“Still chasing my fourth grade self.”
That’s the six-word bio I submitted for a work assignment. Its meaning seemed clear when I penned it. As I re-read it now, I can see that’s not the case. It could suggest that I was a real hellion in fourth grade and that I’ve spent my life atoning for it. Or that my time on the one mile has only gotten worse with time, and I’m clocking hours at the track trying to improve my speed.
Neither of these were my intent.
Rather, I wanted to convey that, in my estimation, the truest version of myself existed in the fourth grade. I was strong, fearless, and unapologetically myself. Here’s a starting list of evidence:
My favorite outfit was a mustard-colored, gaucho-style jumpsuit that my mom sewed. It was sleeveless, zipped up the front, and had a large hood. I had never seen anything like it. That made it cool.
I excelled in kickball. When teams were formed playground style, I was chosen before most of the boys. I came up to the plate and the other team backed up, anticipating a big kick. My physicality felt like a superpower.
The Bionic Woman. I never missed an episode, and to emulate Jamie Sommers, I told my classmates that I had a bionic knee. I invited them to kick it and to observe that I didn’t cry or even flinch. (Okay, maybe this belongs on a list of evidence for “I Was an Oddball” but I’m leaving it here anyway.)
Beginning in fifth grade, my confidence began to wane. Not all at once but over time. So much so that as I sat in first college class, I prayed “Please don’t call on me.” Disappearing in the large lecture hall was the only goal.
Like all tweens and teens, many things shook my confidence. I was the tallest girl at my school in sixth grade, which meant that at the cotillion class my mom signed me up for (why?!), I always had to dance with the high school chaperones. By middle school, my thick hair had become an untamable mane. The boys that sat behind me in science threw toothpicks into it and laughed when I didn’t notice. My best friend since the third grade found a new one, junior year. And my dream college said no.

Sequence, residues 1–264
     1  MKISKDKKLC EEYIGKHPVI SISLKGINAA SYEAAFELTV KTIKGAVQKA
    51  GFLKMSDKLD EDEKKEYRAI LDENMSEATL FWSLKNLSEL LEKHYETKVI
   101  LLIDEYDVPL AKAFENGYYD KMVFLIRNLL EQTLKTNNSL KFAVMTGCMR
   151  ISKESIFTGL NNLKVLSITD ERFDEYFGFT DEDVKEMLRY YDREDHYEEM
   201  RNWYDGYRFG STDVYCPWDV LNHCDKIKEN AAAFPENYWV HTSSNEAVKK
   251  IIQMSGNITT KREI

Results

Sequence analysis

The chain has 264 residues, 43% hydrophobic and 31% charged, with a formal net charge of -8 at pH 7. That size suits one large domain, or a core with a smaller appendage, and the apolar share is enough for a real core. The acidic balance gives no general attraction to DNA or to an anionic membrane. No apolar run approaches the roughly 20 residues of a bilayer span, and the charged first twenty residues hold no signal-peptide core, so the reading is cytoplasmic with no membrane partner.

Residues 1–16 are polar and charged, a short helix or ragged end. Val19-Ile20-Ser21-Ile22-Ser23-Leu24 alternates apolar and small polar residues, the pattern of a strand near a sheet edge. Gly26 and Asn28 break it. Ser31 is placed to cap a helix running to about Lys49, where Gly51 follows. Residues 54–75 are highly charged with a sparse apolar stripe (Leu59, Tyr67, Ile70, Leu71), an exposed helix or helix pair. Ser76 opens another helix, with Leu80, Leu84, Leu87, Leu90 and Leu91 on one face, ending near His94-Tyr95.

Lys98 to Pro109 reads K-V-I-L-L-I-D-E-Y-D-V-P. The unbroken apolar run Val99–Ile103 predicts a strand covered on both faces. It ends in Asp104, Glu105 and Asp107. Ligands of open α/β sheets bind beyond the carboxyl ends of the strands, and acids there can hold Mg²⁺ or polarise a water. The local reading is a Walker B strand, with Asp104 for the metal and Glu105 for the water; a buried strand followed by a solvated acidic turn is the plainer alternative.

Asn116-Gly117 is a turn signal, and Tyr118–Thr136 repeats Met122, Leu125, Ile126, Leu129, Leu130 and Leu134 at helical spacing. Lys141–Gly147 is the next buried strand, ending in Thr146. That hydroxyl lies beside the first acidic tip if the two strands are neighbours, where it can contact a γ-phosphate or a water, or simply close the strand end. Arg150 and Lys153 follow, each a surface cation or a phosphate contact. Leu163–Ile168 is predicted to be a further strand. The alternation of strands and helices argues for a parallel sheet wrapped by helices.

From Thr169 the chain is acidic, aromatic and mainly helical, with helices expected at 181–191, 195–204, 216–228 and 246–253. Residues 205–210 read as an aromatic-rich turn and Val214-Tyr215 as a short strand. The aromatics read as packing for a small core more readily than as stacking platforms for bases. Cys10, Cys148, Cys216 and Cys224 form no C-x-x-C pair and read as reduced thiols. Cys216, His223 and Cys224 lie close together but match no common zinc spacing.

But I’ve come to recognize that my experience is part of a much larger problem. Journalists Katty Kay and Claire Shipman, in researching for their book The Confidence Code, found that between the ages of 8 and 14, girls’ confidence levels drop by 30 percent. They note, “As girls approach adolescence, openness to risk and failure becomes buried under an avalanche of biological and cultural signals telling them to be careful, value perfection, avoid risk at all possible costs.”
An avalanche buries girls under the message, “Shrink.” That’s scary.
The good news, for me at least, is that these signals grow weaker or quieter as I grow older. And because of this, I find myself becoming braver and bolder. I’m working on more competently skiing black diamonds, and last summer, I picked up a tennis racket for the first time in four decades. I wore a green velvet pantsuit, replete with candy cane trim, to a holiday gathering in December. I launched this blog.
That fearless ten year old no longer feels far away. I’m closing in on her.